A plaque remaining from the Big Apple Night Club at West 135th Street and Seventh Avenue in Harlem.

Above, a 1934 plaque from the Big Apple Night Club at West 135th Street and Seventh Avenue in Harlem. Discarded as trash in 2006. Now a Popeyes fast food restaurant on Google Maps.

Recent entries:
“Two rules for this heat: 1. Drink a lot of water, 2. Watch how you talk to me” (8/14)
“Cup one is so I can get stuff done. Cup two is so I will be nice to you. Cup three is all for me” (8/14)
“I have been staring at an orchard to tell the time. It’s an Apple Watch” (8/14)
“I took my wife to an orchard for her birthday. Apparently, it wasn’t the Apple Watch she wanted” (8/14)
“Fake laughing with customers is another skill” (8/14)
More new entries...

A  B  C  D  E  F  G  H  I  J  K  L  M  N  O  P  Q  R  S  T  U  V  W  X  Y  Z

Entry from January 09, 2011
Steak Fries (potatoes)

"Steak fries” (the potato dish, not the outdoor event similar to a barbecue or fish fry) are a thicker cut of french fries, often served with steak. The thicker cut gives a baked potato flavor. Steak fries have the potato skins removed; potato wedges have the potato skins on.

The J. R. Simplot Company of Caldwell, Idaho pioneered the frozen french fries that are served at fast food restaurants. A 1971 issue of the trade magazine Quick Frozen Foods described “steak fries” as an innovation of the J. R. Simplot Company.

Wikipedia: French fries
French fries (American English, sometimes capitalized), fries, or French-fried potatoes are thin strips of deep-fried potato. Americans often refer to any elongated pieces of fried potatoes as fries, while in other parts of the world, most notably the United Kingdom, Australia, Canada, Ireland and New Zealand, long, thinly cut slices of fried potatoes are called fries to distinguish them from the thickly cut strips called chips. French fries are known as frites orpommes frites in French, a name which is also used in many non-French-speaking areas, and have names that mean “fried potatoes” or “French potatoes” in others.
There are variants such as “thick-cut fries”, “steak fries”, “shoestring fries”, “jojo fries”, “crinkle fries”, and “curly fries”. Fries cut thickly with the skin left on are called potato wedges, and fries without the potato skin are called “steak fries”, essentially the American equivalent of the British “chip”.

What are Steak Fries?
Steak fries is an American term for a particular type of French fries, usually more-or-less analogous to what the British call chips. As there are many different types of preparations for French fries, the terms used to describe them vary from country to country and region to region. Steak fries usually, however, refer to thickly cut wedges of potatoes prepared in the same way as normal French fries.

Q: Why are some french fries called steak fries?
A: Steak fries are different in that they are large thick flat or wedge-shaped French fries. They have more potato to the bite, hence the match up with steaks which are also liked big and tasty.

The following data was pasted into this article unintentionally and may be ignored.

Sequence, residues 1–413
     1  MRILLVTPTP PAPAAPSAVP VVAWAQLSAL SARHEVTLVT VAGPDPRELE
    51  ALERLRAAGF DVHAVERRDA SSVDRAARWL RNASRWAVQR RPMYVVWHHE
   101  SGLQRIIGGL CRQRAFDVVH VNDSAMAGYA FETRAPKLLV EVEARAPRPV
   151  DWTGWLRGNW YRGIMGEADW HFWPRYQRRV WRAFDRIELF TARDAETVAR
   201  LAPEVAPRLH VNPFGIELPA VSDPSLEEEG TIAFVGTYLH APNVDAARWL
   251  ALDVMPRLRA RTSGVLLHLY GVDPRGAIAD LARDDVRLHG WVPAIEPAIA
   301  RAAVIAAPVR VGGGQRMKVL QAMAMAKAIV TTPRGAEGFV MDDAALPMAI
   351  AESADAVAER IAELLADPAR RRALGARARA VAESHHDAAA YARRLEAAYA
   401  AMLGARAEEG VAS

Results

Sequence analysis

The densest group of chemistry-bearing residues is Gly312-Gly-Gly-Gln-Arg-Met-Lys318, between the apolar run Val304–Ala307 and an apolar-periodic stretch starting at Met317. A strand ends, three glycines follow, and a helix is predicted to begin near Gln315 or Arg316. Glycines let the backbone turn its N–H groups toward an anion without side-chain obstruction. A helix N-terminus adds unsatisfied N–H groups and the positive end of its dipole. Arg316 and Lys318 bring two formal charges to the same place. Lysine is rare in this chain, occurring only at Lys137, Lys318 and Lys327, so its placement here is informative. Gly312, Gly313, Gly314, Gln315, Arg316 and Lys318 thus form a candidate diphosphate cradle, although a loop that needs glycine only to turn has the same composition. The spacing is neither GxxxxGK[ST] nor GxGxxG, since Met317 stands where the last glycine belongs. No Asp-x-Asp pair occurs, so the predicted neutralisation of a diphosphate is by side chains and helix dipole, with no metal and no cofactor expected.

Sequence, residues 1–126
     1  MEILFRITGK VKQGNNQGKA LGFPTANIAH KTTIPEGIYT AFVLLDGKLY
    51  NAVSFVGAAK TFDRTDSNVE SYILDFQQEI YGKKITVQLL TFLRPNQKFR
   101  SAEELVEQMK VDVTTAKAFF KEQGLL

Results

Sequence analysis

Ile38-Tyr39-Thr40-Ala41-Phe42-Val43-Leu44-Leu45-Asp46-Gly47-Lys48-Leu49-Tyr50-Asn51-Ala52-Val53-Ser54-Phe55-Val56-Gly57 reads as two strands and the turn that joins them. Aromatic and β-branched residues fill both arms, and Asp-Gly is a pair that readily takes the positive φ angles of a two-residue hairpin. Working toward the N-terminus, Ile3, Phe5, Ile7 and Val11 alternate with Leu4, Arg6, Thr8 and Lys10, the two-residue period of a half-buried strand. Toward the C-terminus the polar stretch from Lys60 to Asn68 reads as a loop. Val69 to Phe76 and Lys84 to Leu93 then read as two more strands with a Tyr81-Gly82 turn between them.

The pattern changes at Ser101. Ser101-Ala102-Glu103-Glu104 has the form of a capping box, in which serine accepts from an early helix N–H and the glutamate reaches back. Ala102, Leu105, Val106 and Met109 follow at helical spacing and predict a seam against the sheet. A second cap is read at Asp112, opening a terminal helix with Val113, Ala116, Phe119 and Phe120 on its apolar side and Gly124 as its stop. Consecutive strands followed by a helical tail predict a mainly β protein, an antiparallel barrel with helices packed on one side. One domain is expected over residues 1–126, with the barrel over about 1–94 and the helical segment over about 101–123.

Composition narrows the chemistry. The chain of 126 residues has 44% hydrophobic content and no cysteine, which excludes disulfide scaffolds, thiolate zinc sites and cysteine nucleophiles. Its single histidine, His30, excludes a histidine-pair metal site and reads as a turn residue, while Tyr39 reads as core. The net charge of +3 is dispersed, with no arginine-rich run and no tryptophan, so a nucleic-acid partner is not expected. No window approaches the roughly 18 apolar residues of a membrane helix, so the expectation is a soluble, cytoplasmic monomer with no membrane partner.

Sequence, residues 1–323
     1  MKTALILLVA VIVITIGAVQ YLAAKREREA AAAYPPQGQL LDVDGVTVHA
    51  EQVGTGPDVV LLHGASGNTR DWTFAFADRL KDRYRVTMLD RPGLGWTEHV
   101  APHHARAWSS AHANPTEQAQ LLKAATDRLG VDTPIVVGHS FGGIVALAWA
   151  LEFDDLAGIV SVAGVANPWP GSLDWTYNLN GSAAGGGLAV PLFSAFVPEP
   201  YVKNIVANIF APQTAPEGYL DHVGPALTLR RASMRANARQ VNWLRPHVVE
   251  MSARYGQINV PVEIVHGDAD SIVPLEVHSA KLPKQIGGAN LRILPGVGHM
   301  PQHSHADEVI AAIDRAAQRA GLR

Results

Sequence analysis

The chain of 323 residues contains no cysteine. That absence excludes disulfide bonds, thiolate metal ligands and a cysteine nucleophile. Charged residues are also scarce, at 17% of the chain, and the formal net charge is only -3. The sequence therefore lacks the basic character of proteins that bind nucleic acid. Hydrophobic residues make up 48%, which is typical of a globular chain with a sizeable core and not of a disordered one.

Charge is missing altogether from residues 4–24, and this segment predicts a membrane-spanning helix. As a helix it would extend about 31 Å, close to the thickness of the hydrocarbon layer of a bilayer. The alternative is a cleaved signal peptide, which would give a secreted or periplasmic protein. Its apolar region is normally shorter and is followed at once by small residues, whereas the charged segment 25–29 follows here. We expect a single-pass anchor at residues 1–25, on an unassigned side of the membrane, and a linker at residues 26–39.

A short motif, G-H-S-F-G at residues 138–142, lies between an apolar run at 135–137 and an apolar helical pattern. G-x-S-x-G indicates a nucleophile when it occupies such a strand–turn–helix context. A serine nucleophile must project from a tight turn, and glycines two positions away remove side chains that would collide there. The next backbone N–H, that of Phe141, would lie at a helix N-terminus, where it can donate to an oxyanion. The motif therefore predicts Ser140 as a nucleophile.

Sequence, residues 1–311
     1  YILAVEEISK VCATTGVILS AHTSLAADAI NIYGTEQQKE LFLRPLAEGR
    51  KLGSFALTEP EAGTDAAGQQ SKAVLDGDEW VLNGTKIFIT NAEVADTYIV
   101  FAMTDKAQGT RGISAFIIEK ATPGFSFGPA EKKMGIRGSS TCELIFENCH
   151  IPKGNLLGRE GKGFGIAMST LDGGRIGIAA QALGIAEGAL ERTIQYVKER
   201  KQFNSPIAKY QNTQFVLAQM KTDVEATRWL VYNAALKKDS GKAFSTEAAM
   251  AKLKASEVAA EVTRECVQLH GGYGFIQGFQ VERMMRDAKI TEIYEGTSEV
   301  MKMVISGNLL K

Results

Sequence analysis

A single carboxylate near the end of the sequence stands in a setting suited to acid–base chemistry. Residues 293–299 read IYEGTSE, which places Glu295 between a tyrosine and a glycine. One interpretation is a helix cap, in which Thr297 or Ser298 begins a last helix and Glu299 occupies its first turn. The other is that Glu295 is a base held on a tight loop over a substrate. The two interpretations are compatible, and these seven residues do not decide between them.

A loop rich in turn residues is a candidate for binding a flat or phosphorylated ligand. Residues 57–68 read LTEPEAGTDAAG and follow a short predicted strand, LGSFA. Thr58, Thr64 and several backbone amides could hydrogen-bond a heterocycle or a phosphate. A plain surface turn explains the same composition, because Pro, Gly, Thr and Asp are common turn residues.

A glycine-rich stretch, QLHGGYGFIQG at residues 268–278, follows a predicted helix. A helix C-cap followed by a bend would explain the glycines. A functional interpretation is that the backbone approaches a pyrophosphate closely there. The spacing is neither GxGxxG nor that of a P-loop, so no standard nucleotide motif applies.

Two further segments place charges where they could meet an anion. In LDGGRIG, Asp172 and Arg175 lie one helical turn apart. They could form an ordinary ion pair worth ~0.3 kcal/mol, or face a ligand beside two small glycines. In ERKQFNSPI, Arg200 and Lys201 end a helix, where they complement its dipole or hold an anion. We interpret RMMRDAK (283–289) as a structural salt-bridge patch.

Simplot XLF Steak Fries
Product Benefits
. This hearty fry is perfect for those who want a baked potato flavor.
. Good heat retention makes these perfect for take-out, cafeterias, and room service.
. Great potato “bite.”
. 3/8” x 3/4” Straight Cut
. Extra Long Fancy
Prep Instructions
. Deep Fry: Preheat fryer to 350ºF. Fill fryer basket no more than half full. Deep fry for 4 minutes.

Simplot XLF Steak Fries w/ NW Shield
Product Benefits
. Extra long length delivers better plate coverage and yields.
. Hearty cut for a whole potato taste and better heat retention.
. Outstanding hold time.
. Potatoes grown in the Pacific Northwest: Idaho, Washington or Oregon.
. 3/8” x 3/4” Straight Cut
. Extra Long Fancy
Prep Instructions
Deep Fry: Preheat fryer to 350°F. Fill fryer basket no more than half full. Deep fry for 4 minutes.

Main Entry: steak fries
Part of Speech: n
Definition: large thick flat or wedge-shaped French fries
Usage: cooking

(Oxford English Dictionary)
steak fry n. N. Amer.
(a) an outdoor social event at which steaks are cooked (usually on a barbecue) and eaten (cf. fry n.2 Additions);
(b) a thickly cut chip (French fry).
1907 Boston (Mass.) Daily Globe 29 Sept. 32/4 An open-air *steak fry at noon.
1949 E. A. Schuler & C. C. Taylor in Rural Life U.S. xi.199 Church and school entertainments, picnics, steak fries, barbecues, local rodeos.
1971 Manitowoc (Wisconsin) Herald Times 17 May 6 t/2 (advt.) Frozen Big Daddy Steak Fries.

Google Books
Quick Frozen Foods
Volume 33
Pg. 66:
Three frozen potato items for the institutional trade are innovations from J. R. Simplot Company, Caldwell, Idaho. Steak Fries, packed in 30-lb. cases, are thick flat cuts of French fries, a companion item to Simplot’s wedge-shape thick-cut Ranch style fries, both processed in vegetable oil and bearing the Kosher K symbol.

14 January 1972, Springfield (MA) Union, pg. 17, col. 2 ad:
A robust half pound of tender, juicy, choice meat individually broiled to your liking. Served on our fresh-baked rye bun with crisp steak fries, creamy cole slaw, and tangy pickle spear.
(Ground Round restaurant—ed.)

22 January 1972, Chicago (IL) Tribune, pg. N7 ad:
We serve it with creamy cole slaw and crisp chunky steak fries.
(Ground Round restaurant—ed.)

Posted by Barry Popik
New York CityFood/Drink • (0) Comments • Sunday, January 09, 2011 • Permalink